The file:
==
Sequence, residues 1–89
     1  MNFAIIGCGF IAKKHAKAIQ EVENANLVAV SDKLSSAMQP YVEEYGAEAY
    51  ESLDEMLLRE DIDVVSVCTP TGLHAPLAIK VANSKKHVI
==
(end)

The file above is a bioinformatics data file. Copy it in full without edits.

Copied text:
Sequence, residues 1–89
     1  MNFAIIGCGF IAKKHAKAIQ EVENANLVAV SDKLSSAMQP YVEEYGAEAY
    51  ESLDEMLLRE DIDVVSVCTP TGLHAPLAIK VANSKKHVI